# Rainfall

Under Construction

How does rain work?

## Data Structures

### p5.Vector

You’ve probably used graph paper to draw ordered pairs of the form $(x, y)$, so you have a solid foundation for working with vectors. As we progress, you will see that these geometric objects make modeling and animation much simpler.

Let’s say the point $p$ has coordinates $(100, 50)$ relative to the origin. We would express the same idea as $\vec{p}=(100, 50)$ using vector notation. $\vec{p}$ has components $p_x=100$ and $p_y=50$. You can create vectors in p5.js like so.

function setup() {
createCanvas(400, 400);
}

function draw() {
background(220);
strokeWeight(5);
let firstPoint = createVector(100, 50);
point(firstPoint.x, firstPoint.y);
}


Create a few vectors and use them to draw points in a straight line.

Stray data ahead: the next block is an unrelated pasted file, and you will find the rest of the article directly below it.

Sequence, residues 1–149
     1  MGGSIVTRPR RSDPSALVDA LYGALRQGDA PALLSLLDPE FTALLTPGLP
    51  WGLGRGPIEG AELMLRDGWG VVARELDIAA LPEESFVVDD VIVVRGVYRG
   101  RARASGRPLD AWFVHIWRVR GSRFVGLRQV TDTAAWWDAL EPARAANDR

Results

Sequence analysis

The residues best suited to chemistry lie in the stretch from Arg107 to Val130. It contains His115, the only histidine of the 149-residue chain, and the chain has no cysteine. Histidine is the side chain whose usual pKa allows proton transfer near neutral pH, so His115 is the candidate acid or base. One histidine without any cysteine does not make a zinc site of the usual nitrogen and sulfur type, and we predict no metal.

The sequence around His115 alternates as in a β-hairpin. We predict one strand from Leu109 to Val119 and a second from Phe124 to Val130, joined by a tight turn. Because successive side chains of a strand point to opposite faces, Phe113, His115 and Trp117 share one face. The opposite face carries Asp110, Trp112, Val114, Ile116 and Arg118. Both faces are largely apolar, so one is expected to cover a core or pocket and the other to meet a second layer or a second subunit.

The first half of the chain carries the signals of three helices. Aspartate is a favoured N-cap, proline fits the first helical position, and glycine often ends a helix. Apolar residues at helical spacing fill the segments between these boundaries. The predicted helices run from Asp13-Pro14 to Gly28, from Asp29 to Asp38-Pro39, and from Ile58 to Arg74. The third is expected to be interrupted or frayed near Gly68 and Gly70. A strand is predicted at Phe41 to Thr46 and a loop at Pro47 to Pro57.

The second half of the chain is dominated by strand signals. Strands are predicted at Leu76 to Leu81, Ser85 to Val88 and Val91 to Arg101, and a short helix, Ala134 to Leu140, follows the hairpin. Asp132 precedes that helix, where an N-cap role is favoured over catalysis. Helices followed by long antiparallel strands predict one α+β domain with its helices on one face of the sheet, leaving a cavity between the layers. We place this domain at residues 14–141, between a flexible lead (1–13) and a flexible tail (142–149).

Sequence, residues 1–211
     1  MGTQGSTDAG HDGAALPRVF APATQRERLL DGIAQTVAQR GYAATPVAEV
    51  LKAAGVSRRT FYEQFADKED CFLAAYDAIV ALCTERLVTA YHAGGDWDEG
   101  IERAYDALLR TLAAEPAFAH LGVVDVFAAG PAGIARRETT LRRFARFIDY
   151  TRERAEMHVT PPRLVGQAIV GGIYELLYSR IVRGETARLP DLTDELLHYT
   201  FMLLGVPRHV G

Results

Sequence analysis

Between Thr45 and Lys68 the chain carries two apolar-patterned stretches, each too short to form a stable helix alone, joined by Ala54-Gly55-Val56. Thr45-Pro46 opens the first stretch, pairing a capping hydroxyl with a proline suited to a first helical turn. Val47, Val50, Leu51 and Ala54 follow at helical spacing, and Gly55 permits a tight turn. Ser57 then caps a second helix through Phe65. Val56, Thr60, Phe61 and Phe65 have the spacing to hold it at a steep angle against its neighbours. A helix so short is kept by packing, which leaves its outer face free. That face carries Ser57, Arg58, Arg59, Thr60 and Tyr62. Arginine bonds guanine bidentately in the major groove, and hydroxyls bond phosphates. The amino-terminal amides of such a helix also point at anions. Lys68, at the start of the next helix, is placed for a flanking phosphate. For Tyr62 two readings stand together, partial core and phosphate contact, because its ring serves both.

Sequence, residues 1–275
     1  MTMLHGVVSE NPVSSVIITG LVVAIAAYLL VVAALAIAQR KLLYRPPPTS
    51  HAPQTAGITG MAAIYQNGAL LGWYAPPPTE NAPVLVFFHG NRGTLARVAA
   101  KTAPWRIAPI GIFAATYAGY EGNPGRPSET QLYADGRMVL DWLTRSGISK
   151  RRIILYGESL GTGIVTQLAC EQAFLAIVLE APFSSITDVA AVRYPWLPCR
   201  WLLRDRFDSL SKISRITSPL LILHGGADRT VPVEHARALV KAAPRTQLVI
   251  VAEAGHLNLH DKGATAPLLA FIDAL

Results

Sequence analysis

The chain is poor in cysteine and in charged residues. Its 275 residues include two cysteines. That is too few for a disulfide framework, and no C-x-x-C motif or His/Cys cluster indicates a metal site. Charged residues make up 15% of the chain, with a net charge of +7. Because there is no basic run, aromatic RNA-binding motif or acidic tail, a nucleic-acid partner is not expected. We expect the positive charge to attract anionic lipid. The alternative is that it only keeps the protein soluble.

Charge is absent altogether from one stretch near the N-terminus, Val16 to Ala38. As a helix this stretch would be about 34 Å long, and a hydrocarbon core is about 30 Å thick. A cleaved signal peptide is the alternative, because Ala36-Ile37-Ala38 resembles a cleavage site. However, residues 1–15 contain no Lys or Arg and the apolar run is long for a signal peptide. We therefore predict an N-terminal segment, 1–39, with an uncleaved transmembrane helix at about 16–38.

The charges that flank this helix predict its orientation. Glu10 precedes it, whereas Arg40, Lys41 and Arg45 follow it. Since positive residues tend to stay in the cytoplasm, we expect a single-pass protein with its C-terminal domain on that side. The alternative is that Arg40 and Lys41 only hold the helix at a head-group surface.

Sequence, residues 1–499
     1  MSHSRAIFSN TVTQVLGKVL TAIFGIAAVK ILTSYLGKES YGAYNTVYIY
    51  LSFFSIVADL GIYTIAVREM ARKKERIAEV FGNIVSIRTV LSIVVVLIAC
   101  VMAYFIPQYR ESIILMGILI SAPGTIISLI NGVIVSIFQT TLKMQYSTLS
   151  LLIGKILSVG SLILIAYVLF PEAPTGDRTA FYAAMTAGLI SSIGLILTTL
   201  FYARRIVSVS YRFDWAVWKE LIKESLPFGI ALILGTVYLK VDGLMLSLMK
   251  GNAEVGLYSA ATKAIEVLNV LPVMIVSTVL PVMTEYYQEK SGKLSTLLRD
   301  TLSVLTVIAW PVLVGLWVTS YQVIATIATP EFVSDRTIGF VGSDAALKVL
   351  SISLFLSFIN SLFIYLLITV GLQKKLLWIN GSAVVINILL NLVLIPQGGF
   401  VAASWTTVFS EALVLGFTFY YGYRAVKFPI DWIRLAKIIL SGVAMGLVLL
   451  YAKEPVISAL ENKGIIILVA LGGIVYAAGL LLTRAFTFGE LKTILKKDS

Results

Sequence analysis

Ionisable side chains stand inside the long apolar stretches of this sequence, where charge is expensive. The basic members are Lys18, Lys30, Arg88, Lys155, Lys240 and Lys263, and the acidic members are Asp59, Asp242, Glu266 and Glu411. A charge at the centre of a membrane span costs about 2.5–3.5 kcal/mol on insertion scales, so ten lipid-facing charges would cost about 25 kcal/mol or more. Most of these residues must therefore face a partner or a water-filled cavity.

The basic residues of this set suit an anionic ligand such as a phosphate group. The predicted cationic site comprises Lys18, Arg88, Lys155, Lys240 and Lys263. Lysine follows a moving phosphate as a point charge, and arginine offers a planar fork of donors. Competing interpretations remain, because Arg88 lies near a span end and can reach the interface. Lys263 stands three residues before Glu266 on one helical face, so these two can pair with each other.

Vector addition is a useful operation that combines the components two vectors. You could visualize vector addition by placing the tail of one vector at the head of another.

Algebraically, we would compute vector addition as $\vec{p}+\vec{v}=(p_{x}+v_{x}, p_{y}+v_{y})$.

If $\vec{p}=(100, 50)$ and $\vec{v}=(100, 200)$, then $\vec{p}+\vec{v}=(100+100, 50+200)=(200, 250)$.

Vectors support a number of useful operations in addition to addition—we’ve barely scratched the surface!

### Arrays

let position;
let velocity;
const numDrops = 100;

function setup() {
createCanvas(400, 400);
position = new Array(numDrops);
velocity = new Array(numDrops);
for (let i = 0; i < numDrops; i += 1) {
position[i] = createVector(random(width), random(height));
velocity[i] = createVector(0, random(2, 3));
}
}

function draw() {
if (mouseIsPressed) {
background(255, 120);
stroke(50, 100, 150, 30);
} else {
background(50, 100, 150, 120);
stroke(200, 30);
}

strokeWeight(5);
for (let i = 0; i < numDrops; i += 1) {
point(position[i].x, position[i].y);
if (position[i].y > height) {
position[i].y = 0;
}
}
}